Too Nice? Tips On How to Set Boundaries and Stop Saying Yes
Dear April Masini,
I am a nice person, but sometimes I think I'm too nice. I have trouble saying "no" to people even if they're asking me to do something I really don't want to do. It's at the point now that people just expect me to say "yes" when they ask me to do something. How can I learn to start saying "no" to people? Or should I just go on being the nice person that I am?"
Can't Say No
April Masini's Advice :
Dear Can't Say No,
Some think they a-l-w-a-y-s need to be "nice" They have difficulty saying "no" and typically wind-up being stepped on. This can add a lot of stress to life and is not necessary. If this sounds like you need a little help learning how to set boundaries.
Here are a few tips for setting boundaries in relationships:
– Flair For The Dramatic: Choking or breaking into a faint is one way to set a boundary that eliminates the need to converse. Of course, if you stop choking or come to, the problem remains. For those with less of a dramatic flair, the following boundary setters can be put into use with effect:
– The Elusive Boundary: Someone’s at the door — I really have to go.
– The Passive Aggressive Boundary: You don’t really want me to do that …
– The One Two Punch: I’m sorry. I’m not interested in having a conversation with you any longer. The trick to this line is to deliver it — step one, and then not to linger — step two. Without step two, it’s an invitation for engagement.
– The Non-Sequitur Boundary: When someone asks you to do something or engages you in something you don’t want to do — change the subject. So, for instance, when your wife says, "I’d really like to plan a vacation for the family," you say, "Did the lawn get mowed this week?" Watch re-runs of Friends for the character, Phoebe, queen of the non-sequitur.
– Go To Feelings Boundary: Express your feelings as a boundary. For instance, if someone assigns you a volunteer job that you don’t want to do, say, "I don’t want to do that." Many people respond to feelings of statements, rather than separating them out from actions and behavior. If you’re dealing with one of those people, emotional statements will set boundaries.
– The Evolved Boundary: When you’re able to separate your feelings from your actions, you don’t need to explain your feelings in order to set boundaries. You just set them. For instance, you can say, "I’m not going to do that." The tone is important here. If you deliver your line with anger, it’s perceived as a challenge. If you deliver the line with grace and lack of emotion, and even a little Mona Lisa Smile of politeness, your line will be perceived as power.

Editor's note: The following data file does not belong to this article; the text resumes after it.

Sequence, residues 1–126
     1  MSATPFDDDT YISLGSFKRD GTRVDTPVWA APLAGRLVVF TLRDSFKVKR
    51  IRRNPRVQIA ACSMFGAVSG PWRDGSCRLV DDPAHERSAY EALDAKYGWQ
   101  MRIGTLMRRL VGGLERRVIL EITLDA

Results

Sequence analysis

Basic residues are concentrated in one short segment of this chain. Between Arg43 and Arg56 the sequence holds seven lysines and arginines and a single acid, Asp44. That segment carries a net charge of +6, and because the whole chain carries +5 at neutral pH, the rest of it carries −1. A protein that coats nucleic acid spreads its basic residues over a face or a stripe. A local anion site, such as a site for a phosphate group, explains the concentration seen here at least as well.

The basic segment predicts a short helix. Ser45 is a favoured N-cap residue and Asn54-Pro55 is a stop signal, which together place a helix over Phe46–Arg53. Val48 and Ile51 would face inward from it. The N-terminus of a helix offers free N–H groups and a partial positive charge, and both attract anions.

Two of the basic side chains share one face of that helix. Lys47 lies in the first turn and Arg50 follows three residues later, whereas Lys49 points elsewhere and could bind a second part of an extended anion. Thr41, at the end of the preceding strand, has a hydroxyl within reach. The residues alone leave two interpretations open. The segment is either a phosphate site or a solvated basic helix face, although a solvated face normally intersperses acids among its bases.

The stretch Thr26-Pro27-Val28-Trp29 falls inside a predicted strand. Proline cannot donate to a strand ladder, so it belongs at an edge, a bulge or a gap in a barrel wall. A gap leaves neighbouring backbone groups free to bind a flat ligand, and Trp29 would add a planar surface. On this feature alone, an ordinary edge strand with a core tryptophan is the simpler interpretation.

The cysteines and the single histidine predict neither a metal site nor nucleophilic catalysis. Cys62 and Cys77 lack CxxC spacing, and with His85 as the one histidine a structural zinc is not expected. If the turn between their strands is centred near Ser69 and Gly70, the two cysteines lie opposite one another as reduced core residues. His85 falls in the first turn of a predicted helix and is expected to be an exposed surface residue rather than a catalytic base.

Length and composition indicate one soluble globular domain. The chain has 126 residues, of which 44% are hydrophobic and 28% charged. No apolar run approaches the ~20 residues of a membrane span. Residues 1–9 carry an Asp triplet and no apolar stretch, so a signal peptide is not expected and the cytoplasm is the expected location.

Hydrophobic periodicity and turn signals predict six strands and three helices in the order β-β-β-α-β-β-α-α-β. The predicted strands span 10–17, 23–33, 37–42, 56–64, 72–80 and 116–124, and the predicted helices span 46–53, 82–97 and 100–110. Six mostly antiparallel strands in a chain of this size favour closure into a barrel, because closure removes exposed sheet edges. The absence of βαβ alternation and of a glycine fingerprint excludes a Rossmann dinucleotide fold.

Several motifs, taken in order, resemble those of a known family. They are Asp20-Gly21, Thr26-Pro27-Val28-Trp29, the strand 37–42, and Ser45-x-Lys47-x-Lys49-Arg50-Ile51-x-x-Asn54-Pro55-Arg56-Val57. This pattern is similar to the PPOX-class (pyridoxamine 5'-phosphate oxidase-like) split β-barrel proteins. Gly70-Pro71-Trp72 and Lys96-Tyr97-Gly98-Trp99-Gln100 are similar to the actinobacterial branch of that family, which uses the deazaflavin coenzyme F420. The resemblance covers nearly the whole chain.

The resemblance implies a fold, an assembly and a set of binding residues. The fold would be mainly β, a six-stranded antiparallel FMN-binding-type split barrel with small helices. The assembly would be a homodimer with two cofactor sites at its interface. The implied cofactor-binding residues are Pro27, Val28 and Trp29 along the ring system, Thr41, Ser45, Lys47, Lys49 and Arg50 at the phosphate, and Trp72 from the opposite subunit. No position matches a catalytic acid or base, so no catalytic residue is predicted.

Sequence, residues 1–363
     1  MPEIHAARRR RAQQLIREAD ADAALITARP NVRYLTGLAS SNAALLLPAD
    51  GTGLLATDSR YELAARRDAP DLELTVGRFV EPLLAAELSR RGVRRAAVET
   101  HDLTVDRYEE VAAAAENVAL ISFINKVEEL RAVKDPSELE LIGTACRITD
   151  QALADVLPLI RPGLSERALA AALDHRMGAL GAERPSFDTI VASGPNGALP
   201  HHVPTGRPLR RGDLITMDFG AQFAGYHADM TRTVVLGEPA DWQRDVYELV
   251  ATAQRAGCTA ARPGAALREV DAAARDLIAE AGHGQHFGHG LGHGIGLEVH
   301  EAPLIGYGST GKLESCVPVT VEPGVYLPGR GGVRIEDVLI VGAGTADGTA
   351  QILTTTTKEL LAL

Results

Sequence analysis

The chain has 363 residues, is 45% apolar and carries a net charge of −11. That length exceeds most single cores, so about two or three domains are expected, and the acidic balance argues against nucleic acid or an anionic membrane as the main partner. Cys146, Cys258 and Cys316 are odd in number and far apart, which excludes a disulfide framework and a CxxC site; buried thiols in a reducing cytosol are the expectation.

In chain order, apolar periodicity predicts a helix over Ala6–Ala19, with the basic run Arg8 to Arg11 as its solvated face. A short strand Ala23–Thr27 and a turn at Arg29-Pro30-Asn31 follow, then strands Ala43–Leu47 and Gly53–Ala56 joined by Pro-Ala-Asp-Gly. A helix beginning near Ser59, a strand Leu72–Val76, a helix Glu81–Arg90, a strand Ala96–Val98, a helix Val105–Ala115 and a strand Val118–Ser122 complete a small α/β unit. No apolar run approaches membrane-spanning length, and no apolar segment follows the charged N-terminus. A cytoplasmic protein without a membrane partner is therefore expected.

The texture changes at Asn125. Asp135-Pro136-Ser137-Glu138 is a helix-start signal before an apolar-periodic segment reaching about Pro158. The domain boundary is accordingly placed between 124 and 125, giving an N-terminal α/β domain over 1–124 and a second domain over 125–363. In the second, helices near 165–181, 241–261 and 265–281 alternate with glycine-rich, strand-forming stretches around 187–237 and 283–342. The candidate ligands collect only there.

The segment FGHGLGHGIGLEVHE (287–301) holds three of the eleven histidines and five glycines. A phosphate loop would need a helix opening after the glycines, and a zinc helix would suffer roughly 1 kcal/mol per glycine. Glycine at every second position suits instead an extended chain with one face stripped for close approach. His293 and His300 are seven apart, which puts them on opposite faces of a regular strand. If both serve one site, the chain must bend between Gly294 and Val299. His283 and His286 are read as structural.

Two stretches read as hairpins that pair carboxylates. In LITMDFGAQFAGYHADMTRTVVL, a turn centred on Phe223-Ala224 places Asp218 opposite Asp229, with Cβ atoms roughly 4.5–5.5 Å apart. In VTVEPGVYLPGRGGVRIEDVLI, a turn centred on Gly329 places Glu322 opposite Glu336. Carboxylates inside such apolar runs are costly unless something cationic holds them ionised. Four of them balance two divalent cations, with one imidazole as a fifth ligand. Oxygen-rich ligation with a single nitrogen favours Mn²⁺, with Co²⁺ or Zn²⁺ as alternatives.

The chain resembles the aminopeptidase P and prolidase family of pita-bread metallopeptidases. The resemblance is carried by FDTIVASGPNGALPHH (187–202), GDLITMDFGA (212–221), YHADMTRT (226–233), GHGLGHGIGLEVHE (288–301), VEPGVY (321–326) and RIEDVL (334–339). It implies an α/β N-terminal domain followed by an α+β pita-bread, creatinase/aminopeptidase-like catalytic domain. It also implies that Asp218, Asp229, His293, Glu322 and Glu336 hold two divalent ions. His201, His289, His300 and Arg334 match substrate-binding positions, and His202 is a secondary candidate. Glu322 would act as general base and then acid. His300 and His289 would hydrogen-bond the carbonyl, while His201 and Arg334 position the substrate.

– The Compromise Boundary: If you are ready to set a boundary, but aren’t comfortable disappointing other people, you can set your limits, but offer a bone to the other person. For instance, if your boss wants you to get them coffee, and you don’t want to, you can say, "I can’t get your coffee because I really want to get this project in in time for you — but I can get you a sandwich or a snack when I’m done."
Reasons Setting Boundaries Is Productive:
- Save time. Not setting boundaries prolongs the boundary being set. Until it is set, time is wasted fuming over not setting it sooner, fuming over miscommunications, etc.
- Get To Know Me. The sooner you know your boundaries and set them, the sooner you present a clear picture of who you are to everyone else. Vice verse, too. Disasters happen in relationships when people hide their boundaries — like not wanting children in a relationship, etc.
- Feelings are preserved. While people pleasers hate setting boundaries because they think that they are pleasing others by not setting them, the truth is that they end up feeling taken advantage of, then they blow up, and the person they blow up at is confused and hurt. It’s a mess — and setting boundaries can keep the mess cleaned up.